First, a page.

Gary Robins, chief executive of Hotbed, the UK's largest private investor syndicate, said the changes would be bad for smaller companies and would encourage short-termism. "Taper relief was put in place to encourage investment in unlisted securities and reward private investors for holding unlisted shares for longer periods of time," he said.

"Doing away with taper relief altogether means that there is no longer any reason for investors to hold unquoted shares for a longer period.

"It will have the undesirable effect of encouraging short-termist investing."

Caroline Bevan, senior manager at PricewaterhouseCoopers, said while 18 per cent was a competitive rate, there remained a danger that the increase would drive businesses overseas.

Ruth Dooley, a tax partner at Grant Thornton, the accountants, pointed out that employee share schemes also stand to be adversely affected by the changes. Currently, employees are only taxed at 10 per cent if they hold their shares for two years or more. Under the new regime, that changes to 18 per cent.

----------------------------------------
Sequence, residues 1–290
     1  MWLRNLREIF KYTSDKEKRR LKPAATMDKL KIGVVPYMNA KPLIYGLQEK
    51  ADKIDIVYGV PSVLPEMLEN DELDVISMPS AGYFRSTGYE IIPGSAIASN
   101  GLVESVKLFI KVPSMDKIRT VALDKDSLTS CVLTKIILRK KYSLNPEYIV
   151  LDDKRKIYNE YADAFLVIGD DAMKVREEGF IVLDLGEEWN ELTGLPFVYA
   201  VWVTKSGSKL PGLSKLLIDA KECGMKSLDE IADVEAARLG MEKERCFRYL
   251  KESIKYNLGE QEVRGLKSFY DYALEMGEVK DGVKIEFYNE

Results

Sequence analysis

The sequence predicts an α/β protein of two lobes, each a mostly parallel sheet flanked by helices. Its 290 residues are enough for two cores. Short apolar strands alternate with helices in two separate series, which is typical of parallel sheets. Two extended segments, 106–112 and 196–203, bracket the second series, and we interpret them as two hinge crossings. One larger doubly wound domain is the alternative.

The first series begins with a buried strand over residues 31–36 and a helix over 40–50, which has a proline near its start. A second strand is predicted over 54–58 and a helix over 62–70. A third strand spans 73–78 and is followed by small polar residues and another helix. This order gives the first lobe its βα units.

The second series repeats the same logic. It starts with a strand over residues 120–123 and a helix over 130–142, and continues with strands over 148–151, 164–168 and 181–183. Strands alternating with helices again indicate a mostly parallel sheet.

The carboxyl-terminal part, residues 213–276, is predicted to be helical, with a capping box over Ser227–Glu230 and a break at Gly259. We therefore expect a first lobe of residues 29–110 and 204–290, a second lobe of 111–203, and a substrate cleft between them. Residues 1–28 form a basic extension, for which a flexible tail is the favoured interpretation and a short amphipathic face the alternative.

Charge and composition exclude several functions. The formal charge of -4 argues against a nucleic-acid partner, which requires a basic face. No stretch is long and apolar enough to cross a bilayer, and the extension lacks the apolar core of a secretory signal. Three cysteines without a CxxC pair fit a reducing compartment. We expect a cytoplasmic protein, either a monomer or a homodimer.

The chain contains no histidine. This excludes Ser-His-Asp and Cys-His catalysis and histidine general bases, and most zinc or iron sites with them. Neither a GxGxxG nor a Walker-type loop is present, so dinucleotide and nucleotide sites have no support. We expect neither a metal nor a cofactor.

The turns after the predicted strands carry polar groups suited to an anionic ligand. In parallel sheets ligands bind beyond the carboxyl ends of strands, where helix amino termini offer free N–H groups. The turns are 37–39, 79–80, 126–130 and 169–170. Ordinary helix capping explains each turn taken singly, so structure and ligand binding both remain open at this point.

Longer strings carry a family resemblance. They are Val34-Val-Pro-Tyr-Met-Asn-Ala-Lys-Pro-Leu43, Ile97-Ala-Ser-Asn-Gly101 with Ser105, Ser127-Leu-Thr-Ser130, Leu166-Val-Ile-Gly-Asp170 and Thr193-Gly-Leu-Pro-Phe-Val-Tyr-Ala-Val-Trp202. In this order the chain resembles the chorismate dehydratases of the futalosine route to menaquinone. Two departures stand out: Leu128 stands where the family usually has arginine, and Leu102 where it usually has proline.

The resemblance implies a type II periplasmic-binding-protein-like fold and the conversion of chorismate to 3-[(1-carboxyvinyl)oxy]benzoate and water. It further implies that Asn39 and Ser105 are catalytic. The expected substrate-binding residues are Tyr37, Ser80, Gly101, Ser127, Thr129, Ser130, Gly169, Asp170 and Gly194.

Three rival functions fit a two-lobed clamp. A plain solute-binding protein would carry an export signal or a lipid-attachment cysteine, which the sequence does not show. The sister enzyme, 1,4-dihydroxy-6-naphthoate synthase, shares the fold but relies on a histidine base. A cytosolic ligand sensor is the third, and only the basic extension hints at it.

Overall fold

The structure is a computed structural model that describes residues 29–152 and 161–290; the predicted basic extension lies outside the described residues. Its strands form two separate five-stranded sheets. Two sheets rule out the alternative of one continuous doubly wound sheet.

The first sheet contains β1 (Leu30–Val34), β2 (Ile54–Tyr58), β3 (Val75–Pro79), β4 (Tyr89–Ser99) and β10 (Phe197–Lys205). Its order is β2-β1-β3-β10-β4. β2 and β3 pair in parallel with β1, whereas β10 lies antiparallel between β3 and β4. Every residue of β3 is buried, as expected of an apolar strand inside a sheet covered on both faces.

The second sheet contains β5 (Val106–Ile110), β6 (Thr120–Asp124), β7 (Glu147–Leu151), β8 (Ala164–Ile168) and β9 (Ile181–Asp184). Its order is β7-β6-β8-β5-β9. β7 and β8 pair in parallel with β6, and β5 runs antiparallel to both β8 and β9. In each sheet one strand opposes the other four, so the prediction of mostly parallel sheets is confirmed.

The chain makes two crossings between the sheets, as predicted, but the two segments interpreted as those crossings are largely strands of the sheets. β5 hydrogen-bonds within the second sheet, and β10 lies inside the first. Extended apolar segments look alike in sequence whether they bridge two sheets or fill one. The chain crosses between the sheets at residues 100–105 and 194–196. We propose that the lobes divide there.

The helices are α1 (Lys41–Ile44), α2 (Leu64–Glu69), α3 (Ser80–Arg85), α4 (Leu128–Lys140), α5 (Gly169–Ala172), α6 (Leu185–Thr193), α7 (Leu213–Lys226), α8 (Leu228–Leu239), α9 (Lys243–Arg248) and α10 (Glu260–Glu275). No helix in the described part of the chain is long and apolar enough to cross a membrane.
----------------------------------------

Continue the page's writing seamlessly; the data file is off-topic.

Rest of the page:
Greg Limb, a director at KPMG, the accountants, added that the removal of tax breaks for employees was at odds with previous government policies. "This seems at odds with the Government's stated aim of encouraging entrepreneurship and investment... many listed companies will feel sore that there will be no incentive for them to encourage their staff to hold their shares," he said.

Independent Partners; request a free guide on NISAs from Hargreaves Lansdown